WASHINGTON: Two DC PR agencies eagerly fanned the flames of election-year scandal last week - one for the left and one for the right.
Creative Response Concepts (CRC), the VA-based agency promoting the Swift Boat Veterans for Truth, used right-wing blogs and news sites to turn a CBS report casting doubt on President George W. Bush's National Guard service into a potential black eye for both the network and the Democrats.
A CRC client, the Cybercast News Service (CNS), was among the first to voice suspicion that documents suggesting Bush had received preferential treatment in the Guard were forgeries.
"After the CBS story aired, [CNS] called typographical experts, got them on the record that these papers were fishy, and posted a story by 3pm Thursday," said CRC SVP Keith Appell. "We were immediately in contact with [Matt] Drudge, who loved the story."
CRC worked with CNS and the Media Research Center, another media watchdog client, to push the story into the mainstream press.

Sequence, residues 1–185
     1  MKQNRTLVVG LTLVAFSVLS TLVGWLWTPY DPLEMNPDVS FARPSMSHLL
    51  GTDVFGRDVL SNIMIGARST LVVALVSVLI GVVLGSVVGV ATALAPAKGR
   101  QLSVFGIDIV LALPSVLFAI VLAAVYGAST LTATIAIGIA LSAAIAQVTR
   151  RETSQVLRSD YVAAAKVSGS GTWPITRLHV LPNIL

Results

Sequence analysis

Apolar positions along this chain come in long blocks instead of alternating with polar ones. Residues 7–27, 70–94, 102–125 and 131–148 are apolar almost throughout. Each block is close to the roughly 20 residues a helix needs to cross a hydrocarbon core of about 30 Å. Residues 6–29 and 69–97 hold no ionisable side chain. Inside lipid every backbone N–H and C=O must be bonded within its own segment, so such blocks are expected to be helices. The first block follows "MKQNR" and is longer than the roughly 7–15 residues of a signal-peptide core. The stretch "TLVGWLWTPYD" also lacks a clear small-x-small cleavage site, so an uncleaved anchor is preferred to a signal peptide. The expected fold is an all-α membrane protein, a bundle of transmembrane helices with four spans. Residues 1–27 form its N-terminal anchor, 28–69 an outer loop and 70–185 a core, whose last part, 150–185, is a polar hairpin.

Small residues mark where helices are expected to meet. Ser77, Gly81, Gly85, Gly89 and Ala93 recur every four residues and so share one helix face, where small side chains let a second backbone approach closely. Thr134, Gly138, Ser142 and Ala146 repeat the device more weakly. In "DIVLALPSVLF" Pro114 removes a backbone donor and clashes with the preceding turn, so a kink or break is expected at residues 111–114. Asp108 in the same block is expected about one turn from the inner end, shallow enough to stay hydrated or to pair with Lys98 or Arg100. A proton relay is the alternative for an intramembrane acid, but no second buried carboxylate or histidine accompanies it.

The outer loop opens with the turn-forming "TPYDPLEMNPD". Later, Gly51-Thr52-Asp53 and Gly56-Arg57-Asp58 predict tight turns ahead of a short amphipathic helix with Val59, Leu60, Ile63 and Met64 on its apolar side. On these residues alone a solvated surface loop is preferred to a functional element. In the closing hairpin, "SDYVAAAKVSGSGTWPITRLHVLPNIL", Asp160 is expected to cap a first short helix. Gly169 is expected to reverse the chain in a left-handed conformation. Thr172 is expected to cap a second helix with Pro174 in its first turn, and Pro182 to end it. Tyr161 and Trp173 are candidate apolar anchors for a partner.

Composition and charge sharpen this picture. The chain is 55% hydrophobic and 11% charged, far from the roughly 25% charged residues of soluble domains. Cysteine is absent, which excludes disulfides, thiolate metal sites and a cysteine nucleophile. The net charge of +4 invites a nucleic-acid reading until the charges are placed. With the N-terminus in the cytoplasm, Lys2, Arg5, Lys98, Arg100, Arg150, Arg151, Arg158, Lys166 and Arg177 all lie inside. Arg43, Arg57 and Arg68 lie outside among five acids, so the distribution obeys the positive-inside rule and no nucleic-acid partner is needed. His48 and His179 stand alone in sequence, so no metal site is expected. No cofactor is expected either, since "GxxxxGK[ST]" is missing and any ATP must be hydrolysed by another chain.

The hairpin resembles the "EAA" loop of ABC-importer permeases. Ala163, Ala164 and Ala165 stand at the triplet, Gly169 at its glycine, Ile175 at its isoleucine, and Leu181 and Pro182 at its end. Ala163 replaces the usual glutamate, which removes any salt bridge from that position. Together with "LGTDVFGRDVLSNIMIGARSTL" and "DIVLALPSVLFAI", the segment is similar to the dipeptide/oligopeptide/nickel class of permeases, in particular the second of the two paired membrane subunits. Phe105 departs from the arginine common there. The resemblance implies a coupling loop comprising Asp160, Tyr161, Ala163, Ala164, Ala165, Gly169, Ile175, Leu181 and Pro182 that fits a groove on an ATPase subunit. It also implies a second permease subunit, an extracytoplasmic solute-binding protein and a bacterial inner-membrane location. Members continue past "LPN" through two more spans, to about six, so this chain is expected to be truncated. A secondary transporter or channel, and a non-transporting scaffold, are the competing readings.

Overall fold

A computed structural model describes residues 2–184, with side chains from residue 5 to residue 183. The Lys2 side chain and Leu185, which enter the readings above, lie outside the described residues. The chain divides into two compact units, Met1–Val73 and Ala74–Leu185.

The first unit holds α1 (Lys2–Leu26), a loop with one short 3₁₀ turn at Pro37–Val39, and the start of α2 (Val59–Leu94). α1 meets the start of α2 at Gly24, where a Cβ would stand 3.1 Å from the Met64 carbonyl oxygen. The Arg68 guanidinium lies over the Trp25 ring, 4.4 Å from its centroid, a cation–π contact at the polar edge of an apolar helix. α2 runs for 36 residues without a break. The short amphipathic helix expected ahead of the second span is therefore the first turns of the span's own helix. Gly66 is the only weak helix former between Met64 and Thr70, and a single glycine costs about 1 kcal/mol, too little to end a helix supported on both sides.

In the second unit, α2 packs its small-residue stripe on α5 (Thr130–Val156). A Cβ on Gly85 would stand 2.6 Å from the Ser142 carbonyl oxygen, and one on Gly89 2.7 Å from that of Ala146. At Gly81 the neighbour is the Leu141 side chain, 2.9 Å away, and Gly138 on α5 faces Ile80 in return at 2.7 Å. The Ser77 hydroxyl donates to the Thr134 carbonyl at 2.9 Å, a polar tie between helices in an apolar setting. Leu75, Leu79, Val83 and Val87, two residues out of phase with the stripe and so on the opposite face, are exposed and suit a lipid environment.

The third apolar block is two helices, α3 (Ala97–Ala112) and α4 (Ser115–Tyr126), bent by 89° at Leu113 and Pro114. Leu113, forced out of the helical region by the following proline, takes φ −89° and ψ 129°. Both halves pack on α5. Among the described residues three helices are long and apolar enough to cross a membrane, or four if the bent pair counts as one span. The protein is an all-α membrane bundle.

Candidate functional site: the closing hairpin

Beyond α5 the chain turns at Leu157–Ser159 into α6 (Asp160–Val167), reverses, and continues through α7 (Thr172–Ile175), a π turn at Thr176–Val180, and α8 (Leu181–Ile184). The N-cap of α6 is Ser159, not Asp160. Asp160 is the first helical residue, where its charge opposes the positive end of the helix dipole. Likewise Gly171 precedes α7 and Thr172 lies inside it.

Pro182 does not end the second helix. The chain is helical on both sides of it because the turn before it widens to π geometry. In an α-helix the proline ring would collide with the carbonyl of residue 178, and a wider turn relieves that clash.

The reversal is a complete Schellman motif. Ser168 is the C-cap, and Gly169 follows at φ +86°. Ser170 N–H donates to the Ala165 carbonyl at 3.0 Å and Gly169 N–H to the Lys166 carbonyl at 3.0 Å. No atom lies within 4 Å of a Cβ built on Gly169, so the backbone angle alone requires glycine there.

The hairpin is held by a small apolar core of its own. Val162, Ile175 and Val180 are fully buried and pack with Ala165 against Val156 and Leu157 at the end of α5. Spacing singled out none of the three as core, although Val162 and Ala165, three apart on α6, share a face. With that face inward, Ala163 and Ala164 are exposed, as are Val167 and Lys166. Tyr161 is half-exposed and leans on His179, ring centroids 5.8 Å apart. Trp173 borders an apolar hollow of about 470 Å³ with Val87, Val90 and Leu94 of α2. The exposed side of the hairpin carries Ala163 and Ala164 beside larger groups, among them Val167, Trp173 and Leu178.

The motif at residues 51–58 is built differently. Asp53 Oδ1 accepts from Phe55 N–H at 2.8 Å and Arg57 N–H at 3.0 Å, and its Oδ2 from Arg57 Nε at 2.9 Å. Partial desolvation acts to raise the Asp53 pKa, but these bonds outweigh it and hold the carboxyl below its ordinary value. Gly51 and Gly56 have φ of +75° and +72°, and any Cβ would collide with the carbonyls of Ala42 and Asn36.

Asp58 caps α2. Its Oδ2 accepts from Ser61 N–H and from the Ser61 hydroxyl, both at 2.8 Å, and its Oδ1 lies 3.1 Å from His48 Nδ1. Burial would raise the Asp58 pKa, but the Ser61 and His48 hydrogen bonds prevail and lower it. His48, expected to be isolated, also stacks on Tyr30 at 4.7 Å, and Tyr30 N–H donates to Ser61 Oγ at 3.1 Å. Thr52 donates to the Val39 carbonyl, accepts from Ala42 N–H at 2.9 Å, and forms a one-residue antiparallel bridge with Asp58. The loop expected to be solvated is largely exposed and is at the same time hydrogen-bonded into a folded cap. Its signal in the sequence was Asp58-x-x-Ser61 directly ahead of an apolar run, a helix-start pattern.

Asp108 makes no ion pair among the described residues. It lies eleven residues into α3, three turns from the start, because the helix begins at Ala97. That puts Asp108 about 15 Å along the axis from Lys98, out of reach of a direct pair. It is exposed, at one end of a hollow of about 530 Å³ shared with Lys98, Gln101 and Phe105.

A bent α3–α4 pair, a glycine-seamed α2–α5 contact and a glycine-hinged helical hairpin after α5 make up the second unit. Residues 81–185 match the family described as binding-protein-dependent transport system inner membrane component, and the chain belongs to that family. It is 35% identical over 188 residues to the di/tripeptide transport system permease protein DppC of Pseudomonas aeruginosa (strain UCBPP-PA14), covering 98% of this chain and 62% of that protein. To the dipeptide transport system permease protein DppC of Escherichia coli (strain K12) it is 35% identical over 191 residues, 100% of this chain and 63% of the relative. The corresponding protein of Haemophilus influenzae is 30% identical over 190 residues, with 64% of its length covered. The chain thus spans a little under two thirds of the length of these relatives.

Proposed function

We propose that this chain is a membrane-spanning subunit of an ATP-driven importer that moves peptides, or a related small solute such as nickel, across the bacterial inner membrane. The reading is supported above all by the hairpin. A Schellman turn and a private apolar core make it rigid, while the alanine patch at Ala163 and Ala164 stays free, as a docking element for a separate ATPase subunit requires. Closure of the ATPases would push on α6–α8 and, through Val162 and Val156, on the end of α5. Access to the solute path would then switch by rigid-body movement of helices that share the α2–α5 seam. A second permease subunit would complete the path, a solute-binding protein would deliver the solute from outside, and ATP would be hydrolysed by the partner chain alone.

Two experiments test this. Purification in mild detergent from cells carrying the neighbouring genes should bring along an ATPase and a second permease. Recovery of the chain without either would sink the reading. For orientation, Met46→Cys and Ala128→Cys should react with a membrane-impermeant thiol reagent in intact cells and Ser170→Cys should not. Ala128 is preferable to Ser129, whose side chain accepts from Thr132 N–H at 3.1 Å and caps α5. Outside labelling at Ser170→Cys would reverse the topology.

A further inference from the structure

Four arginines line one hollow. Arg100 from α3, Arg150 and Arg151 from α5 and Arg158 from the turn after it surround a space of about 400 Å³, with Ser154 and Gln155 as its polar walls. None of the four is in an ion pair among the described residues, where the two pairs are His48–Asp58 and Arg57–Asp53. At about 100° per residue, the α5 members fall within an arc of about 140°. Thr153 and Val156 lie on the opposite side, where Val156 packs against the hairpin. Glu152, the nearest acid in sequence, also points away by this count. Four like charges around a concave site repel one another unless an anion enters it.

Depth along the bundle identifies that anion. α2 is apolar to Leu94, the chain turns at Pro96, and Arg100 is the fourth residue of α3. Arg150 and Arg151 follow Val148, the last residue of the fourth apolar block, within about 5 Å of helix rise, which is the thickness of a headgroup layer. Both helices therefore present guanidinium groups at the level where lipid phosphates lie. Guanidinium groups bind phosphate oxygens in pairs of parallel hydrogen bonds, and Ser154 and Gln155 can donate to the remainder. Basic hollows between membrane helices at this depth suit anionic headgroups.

"We've been communicating with bloggers and news websites to make sure they know it isn't just Rush Limbaugh and Matt Drudge who are raising questions," added CRC president Greg Mueller.
CBS News, which at first stood defiantly behind its reporting, succumbed to the pressure by Wednesday, releasing a statement conceding the papers might be false, but maintaining that the sentiments expressed in them were authentic.
"Enough media outlets were talking about it, and you can't deny that it's a big story, so we felt it was important to address it," said Sandy Genelius, CBS News VP of communications.
Meanwhile, Doubleday Press, which was on the defensive regarding claims in its new Kitty Kelley book that the President used cocaine at Camp David when his father was in office, used Ein Communications to ward off attacks from the White House and GOP strategists.
Jeff Ingram, VP of strategic communications, confirmed that Ein had been tapped in early August in anticipation of the controversy over The Family: The Real Story of the Bush Dynasty.